My grandfather was the Chairman of the Grenville Bus Company back in the 1970s and 1980s and there were challenges making things work along rural routes even then.  In the last few years I have been working with the Transport team at Cornwall Council to try to help develop a more integrated approach to public transport and the idea has gained the support of government.  

We need to make connections work so that services become more frequent but also more viable. This is why I have pressed for a regular 30 minute local train service through Cornwall with buses then providing onward connections over shorter rural routes to our villages.  If we can join up commercial trunk routes of buses and trains with smaller, local, shuttle buses travelling shorter distances, you start to get the makings of something that can really work.

We are also making progress improving things on long haul journeys.  Since I was elected, I have been fighting to get an upgrade to the “Night Riviera” sleeper service, which will be introduced shortly. I am a regular and devoted user of the sleeper service, using it every weekend to get down to Camborne. I know how important the service can be for businesses and visitors alike and I am pleased that it will be able to provide more capacity and better facilities to compete with other forms of transport.

Newquay Airport is also going from strength to strength. It serves as a lifeline for businessmen and women who use the service regularly, and has seen impressive growth in the last year. It's not long ago that the very future of Newquay Airport seemed in doubt but we have seen a great turnaround in its fortunes.  A lot of work has gone in to making transport work better for Cornwall and we are now seeing important changes.

 

Thursday, 26 January 2017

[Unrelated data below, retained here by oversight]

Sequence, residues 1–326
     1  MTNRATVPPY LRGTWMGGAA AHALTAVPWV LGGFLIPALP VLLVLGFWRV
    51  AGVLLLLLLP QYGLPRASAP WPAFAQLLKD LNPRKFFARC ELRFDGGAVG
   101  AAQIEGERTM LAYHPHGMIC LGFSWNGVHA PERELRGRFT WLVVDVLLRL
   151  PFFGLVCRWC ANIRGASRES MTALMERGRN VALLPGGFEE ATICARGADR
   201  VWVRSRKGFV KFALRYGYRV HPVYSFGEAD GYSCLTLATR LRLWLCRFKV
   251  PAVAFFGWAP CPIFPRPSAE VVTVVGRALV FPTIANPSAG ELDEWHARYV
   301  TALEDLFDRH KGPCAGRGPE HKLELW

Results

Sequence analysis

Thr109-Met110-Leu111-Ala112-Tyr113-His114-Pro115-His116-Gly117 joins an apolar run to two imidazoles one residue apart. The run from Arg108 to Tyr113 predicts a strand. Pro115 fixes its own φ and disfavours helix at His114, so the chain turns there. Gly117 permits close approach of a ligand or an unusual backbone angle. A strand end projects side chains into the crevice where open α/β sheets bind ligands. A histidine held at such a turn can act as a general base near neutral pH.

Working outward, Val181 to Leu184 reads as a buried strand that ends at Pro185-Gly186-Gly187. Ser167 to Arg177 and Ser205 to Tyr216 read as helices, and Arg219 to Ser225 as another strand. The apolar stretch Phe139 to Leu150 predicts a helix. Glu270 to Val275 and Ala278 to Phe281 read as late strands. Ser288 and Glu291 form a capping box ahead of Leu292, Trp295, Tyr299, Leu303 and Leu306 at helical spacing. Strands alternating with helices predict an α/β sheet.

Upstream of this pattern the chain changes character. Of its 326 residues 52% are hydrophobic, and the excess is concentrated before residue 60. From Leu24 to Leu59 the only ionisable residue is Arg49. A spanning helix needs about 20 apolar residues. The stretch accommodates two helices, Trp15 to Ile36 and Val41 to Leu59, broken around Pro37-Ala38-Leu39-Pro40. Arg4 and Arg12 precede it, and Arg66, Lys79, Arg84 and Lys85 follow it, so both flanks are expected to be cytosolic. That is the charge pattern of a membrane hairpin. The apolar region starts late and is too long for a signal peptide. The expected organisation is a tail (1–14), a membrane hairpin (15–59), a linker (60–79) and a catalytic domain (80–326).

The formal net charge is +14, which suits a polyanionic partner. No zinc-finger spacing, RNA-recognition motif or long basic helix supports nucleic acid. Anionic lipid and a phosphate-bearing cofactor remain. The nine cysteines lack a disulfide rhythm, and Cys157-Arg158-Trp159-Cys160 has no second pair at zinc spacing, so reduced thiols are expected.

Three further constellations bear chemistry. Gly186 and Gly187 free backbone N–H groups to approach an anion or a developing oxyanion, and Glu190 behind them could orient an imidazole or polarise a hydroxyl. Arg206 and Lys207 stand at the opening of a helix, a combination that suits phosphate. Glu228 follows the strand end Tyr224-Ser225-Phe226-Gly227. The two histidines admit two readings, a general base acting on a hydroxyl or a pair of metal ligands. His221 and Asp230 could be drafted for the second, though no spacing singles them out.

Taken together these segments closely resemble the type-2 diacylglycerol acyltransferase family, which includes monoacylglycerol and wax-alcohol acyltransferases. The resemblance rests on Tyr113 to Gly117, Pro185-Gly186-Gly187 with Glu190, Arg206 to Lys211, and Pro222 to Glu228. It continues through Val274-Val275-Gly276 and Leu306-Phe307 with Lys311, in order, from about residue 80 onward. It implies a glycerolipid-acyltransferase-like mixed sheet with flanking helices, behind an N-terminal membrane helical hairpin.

Brexit


This week saw the final judgement by the Supreme Court on the contentious issue of whether the decision that was taken directly by the country in the EU referendum last June must now be put to a separate vote of parliament to approve commencing exit negotiations.  The Judges were divided but, on balance, decided that parliament needed another vote.  It is a disappointing decision on one level because all sorts of democratic rights have been eroded by Brussels regulations and court judgements over the years and no one seemed to challenge these.  However, we have to accept the decision of the court and, in practice, it is just a technical issue which makes no material difference.  

Parliament has already held dozens of different debates on the issue of leaving the EU and the policies that will come after.  It has been invigorating for our democracy to be able to discuss new policies again in the knowledge that soon we will regain the power to fully govern ourselves.   

Last week, the Prime Minister set out her plan for Brexit in a landmark speech. As she said, we must now put the campaign behind us and unite the country.  The PM made it clear that she wants us to put in place a close partnership with the EU based on friendship and cooperation, and that the UK must be a generous and outward looking country that is a good global citizen.  But as we establish the rule of national law in this country, we must bring to an end the jurisdiction of the European Court of Justice in Britain.